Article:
It’s got five words and 36 characters, and it takes up two-and-a-bit lines in the masthead.
That makes the Dunoon Observer and Argyllshire Standard the longest newspaper title in Britain.
The look and feel of this weekly paper is one of the most rudimentary I’ve ever seen: its layout is what can only be described as ‘block-style’, and 16 of its 28 pages are printed in black and white.
On Friday 4 September, the paper crammed in more than a dozen reports and 60 pictures from the town’s internationally renowned Cowal Highland Gathering, described by organisers as the “biggest, most spectacular” Highland games in the world.
The three-day event saw the Standard recording battles for the best caber tossers, Highland dancers, pipers and drummers, as well as comprehensive results for other strange-but-true competitions such as ‘heavy athletics’ and Scottish ‘backhold wrestling’.
Although the town’s big event of the year filled at least 12 pages, the Standard still carried more than 100 other news, features and sports reports elsewhere. Detailed news stories included:
- the latest on the collapse of a Dunoon building firm, which saw the loss of 60 local jobs;
- a report on the failed community buy-out of a local castle, criticised as an “unedifying adversarial and confrontational denouement” by one councillor;
- an analysis of why a fatal road accident closed a main road for six hours, described as “a perfect conspiracy” by a police chief; and
- detailed court reports on how two local drink-drivers were banned from the roads.
There were other reports on new road resurfacing plans, broadband improvements, land ownership campaign meetings and ‘constructive truancy’ – all subjects that you can imagine had tongues wagging in a town of fewer than 8,500 people.
The Standard is published by E & R Inglis Ltd, a Dunoon design and print company still owned by descendants of William Inglis Senior, who launched the newspaper back in 1871.
In the 144 years since then, the paper’s only had 11 editors, the current incumbent being Gordon Neish, who runs operations with three other journalists and a part-time photographer.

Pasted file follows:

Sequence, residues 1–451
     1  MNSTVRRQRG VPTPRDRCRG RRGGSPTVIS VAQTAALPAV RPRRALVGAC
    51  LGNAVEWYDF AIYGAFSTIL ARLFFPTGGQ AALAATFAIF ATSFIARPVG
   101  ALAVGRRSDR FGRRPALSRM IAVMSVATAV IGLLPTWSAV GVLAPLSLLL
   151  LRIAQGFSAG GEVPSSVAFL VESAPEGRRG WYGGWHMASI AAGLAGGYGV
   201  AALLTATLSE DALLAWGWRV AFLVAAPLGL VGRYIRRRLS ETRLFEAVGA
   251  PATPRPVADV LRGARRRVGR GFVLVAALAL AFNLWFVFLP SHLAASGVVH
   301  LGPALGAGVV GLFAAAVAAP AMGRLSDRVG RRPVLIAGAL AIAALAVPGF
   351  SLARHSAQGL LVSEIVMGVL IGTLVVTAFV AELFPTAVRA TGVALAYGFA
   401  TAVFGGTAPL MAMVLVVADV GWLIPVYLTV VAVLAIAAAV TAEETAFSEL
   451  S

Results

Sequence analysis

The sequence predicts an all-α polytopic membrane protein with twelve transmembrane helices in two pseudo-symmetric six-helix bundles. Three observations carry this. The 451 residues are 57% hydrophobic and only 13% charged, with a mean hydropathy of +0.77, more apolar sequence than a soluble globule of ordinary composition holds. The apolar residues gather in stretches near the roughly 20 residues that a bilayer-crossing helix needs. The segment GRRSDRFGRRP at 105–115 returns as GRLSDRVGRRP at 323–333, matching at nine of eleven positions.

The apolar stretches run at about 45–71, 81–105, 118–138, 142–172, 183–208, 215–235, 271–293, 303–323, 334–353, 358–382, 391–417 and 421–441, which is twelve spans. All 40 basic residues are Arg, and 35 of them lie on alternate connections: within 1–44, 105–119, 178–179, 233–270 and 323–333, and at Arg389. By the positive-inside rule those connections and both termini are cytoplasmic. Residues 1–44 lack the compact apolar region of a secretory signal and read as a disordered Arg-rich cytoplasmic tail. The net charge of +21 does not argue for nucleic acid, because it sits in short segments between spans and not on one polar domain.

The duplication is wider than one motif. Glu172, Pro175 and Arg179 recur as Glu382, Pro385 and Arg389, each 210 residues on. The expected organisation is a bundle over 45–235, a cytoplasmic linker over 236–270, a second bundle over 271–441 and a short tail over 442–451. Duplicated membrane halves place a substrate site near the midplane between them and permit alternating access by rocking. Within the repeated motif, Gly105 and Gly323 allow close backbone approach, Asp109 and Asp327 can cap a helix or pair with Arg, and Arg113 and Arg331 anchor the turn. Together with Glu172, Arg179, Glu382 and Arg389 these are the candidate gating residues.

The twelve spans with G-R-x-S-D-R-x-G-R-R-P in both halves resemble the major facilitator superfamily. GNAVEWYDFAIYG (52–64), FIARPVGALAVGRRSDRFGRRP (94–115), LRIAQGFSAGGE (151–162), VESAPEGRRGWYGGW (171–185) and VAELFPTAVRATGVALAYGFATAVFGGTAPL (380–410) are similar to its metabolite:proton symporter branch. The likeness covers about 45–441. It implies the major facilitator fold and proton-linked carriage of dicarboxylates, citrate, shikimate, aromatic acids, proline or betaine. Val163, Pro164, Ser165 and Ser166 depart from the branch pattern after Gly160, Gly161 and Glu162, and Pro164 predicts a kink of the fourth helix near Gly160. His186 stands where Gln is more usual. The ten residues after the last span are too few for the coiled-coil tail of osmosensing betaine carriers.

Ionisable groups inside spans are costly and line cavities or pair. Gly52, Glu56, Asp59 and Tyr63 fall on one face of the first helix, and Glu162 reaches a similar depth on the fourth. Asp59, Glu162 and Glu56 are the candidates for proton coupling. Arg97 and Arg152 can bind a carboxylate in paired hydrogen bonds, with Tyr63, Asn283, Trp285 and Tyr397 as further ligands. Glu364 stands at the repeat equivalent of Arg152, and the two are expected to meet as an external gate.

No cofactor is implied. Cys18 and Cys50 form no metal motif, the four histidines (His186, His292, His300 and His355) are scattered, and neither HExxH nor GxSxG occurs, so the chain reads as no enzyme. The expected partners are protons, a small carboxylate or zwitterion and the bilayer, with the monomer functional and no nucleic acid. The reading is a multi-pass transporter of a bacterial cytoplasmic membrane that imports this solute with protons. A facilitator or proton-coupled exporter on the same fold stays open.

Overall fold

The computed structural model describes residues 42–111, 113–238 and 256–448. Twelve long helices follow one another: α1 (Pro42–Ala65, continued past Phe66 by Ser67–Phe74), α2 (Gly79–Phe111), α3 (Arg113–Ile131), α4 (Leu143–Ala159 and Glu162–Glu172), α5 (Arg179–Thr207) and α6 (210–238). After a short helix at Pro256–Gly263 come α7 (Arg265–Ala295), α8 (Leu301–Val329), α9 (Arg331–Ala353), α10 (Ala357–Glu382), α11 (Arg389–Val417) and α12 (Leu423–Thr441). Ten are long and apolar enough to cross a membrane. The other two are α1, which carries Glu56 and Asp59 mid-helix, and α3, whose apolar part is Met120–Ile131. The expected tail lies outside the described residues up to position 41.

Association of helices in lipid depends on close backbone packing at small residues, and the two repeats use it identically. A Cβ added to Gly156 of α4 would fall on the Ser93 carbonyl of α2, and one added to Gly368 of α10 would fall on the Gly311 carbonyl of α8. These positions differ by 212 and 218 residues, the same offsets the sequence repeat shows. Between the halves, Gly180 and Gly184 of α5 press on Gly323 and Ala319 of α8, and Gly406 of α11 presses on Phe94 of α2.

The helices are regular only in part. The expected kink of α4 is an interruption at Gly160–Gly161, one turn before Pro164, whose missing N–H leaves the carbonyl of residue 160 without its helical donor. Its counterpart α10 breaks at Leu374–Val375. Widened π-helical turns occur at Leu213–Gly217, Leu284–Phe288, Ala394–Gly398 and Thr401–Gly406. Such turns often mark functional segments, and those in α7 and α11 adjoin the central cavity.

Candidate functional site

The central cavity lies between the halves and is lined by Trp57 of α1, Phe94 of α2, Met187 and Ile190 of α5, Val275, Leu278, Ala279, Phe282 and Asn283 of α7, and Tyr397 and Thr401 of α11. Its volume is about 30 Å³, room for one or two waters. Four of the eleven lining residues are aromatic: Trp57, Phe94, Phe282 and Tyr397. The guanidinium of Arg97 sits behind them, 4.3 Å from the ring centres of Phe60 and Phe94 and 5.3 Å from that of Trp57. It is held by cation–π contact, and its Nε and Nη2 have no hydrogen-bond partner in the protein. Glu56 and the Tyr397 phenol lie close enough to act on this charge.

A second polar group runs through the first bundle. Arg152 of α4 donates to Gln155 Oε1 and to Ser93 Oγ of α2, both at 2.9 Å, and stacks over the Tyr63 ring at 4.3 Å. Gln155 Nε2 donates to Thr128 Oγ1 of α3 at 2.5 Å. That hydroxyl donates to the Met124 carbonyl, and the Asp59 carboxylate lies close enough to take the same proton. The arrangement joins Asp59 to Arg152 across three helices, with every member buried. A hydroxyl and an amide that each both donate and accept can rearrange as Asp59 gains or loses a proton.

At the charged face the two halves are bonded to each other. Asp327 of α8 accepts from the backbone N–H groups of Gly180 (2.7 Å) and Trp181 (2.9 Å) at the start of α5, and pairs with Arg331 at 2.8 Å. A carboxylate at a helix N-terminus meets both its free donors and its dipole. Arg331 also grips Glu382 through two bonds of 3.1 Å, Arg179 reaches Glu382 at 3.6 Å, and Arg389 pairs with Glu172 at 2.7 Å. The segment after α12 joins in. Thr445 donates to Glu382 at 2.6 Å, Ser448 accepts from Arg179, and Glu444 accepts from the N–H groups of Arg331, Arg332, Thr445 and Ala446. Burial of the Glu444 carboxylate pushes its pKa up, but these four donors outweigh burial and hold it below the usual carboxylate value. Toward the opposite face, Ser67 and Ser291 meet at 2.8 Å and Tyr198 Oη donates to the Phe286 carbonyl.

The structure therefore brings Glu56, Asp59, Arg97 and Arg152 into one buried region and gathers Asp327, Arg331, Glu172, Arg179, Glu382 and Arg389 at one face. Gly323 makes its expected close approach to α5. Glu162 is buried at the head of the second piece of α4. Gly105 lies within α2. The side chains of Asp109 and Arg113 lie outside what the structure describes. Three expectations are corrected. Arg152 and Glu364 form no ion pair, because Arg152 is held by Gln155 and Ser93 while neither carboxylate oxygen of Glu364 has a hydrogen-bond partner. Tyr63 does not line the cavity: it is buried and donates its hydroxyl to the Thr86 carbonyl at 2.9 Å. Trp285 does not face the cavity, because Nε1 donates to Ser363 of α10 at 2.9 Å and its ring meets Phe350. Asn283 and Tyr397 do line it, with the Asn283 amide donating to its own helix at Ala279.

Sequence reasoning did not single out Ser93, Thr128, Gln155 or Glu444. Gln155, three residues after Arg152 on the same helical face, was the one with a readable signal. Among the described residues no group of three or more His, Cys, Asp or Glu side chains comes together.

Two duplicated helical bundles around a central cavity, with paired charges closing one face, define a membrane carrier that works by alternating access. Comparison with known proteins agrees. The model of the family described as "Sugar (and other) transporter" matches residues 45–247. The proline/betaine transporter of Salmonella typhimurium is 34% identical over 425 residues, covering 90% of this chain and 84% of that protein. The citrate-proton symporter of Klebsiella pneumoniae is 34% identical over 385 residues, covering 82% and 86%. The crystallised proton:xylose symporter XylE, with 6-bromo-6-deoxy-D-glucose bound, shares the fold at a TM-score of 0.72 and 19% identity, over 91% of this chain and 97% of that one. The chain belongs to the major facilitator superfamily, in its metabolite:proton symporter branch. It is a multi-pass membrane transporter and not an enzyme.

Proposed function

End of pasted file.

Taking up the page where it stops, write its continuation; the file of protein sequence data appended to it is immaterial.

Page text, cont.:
When last audited by ABC in 2002, the paper was selling 6,044 copies a week at 50p a time. The cover price is now 80p, with an average sale of around 4,300 according to staff – still pretty decent in a town of less than 8,500 people.
If accurate, the latest sales figure suggests an average sales drop of between 2pc and 3pc a year for the last decade or so, which would not compare badly to the industry average.
This is probably down to a mixture of Dunoon’s far-flung location, its dodgy internet connections and – when you can go online – the paper’s pretty clunky, hard-to-use and unattractive website, www.dunoon-observer.com (now there’s an idea!).
Pedant’s footnote: The Dunoon Observer and Argyllshire Standard was once arguably challenged as the Britain’s longest newspaper title by the now-defunct Wellingborough and Rushden Herald and Post.
However, because the Herald & Post used the ampersand on its actual masthead, it was reduced to 35 characters, making the Dunoon title’s 36 characters the longest as far as proud Scots were concerned.
And today it still holds that tongue-twisting title, with the Oswestry and Border Counties Advertizer coming a close second with 35 characters.